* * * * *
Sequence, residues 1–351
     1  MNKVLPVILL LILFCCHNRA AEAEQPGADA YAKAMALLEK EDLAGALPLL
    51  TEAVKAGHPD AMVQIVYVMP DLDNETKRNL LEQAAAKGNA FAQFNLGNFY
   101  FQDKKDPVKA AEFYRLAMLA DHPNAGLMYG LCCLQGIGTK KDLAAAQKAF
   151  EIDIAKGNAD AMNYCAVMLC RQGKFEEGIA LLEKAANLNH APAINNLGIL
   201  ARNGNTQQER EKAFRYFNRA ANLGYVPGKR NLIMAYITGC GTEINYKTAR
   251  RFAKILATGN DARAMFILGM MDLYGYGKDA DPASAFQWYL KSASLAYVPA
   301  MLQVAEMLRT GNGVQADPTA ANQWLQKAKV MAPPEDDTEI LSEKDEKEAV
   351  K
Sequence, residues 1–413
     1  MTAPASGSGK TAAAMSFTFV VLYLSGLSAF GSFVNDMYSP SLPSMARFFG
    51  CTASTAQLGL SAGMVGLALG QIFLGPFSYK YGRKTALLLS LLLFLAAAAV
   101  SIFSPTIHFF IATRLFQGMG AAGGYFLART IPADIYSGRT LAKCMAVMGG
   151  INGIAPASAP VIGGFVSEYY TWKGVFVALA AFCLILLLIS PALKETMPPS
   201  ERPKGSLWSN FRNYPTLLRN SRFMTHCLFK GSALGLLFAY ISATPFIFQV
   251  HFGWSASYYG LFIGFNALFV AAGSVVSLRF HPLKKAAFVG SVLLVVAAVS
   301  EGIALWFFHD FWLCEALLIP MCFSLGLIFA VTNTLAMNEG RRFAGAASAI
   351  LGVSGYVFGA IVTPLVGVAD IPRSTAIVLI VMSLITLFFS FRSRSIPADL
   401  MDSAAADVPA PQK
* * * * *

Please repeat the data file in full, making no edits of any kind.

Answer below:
Sequence, residues 1–351
     1  MNKVLPVILL LILFCCHNRA AEAEQPGADA YAKAMALLEK EDLAGALPLL
    51  TEAVKAGHPD AMVQIVYVMP DLDNETKRNL LEQAAAKGNA FAQFNLGNFY
   101  FQDKKDPVKA AEFYRLAMLA DHPNAGLMYG LCCLQGIGTK KDLAAAQKAF
   151  EIDIAKGNAD AMNYCAVMLC RQGKFEEGIA LLEKAANLNH APAINNLGIL
   201  ARNGNTQQER EKAFRYFNRA ANLGYVPGKR NLIMAYITGC GTEINYKTAR
   251  RFAKILATGN DARAMFILGM MDLYGYGKDA DPASAFQWYL KSASLAYVPA
   301  MLQVAEMLRT GNGVQADPTA ANQWLQKAKV MAPPEDDTEI LSEKDEKEAV
   351  K
Sequence, residues 1–413
     1  MTAPASGSGK TAAAMSFTFV VLYLSGLSAF GSFVNDMYSP SLPSMARFFG
    51  CTASTAQLGL SAGMVGLALG QIFLGPFSYK YGRKTALLLS LLLFLAAAAV
   101  SIFSPTIHFF IATRLFQGMG AAGGYFLART IPADIYSGRT LAKCMAVMGG
   151  INGIAPASAP VIGGFVSEYY TWKGVFVALA AFCLILLLIS PALKETMPPS
   201  ERPKGSLWSN FRNYPTLLRN SRFMTHCLFK GSALGLLFAY ISATPFIFQV
   251  HFGWSASYYG LFIGFNALFV AAGSVVSLRF HPLKKAAFVG SVLLVVAAVS
   301  EGIALWFFHD FWLCEALLIP MCFSLGLIFA VTNTLAMNEG RRFAGAASAI
   351  LGVSGYVFGA IVTPLVGVAD IPRSTAIVLI VMSLITLFFS FRSRSIPADL
   401  MDSAAADVPA PQK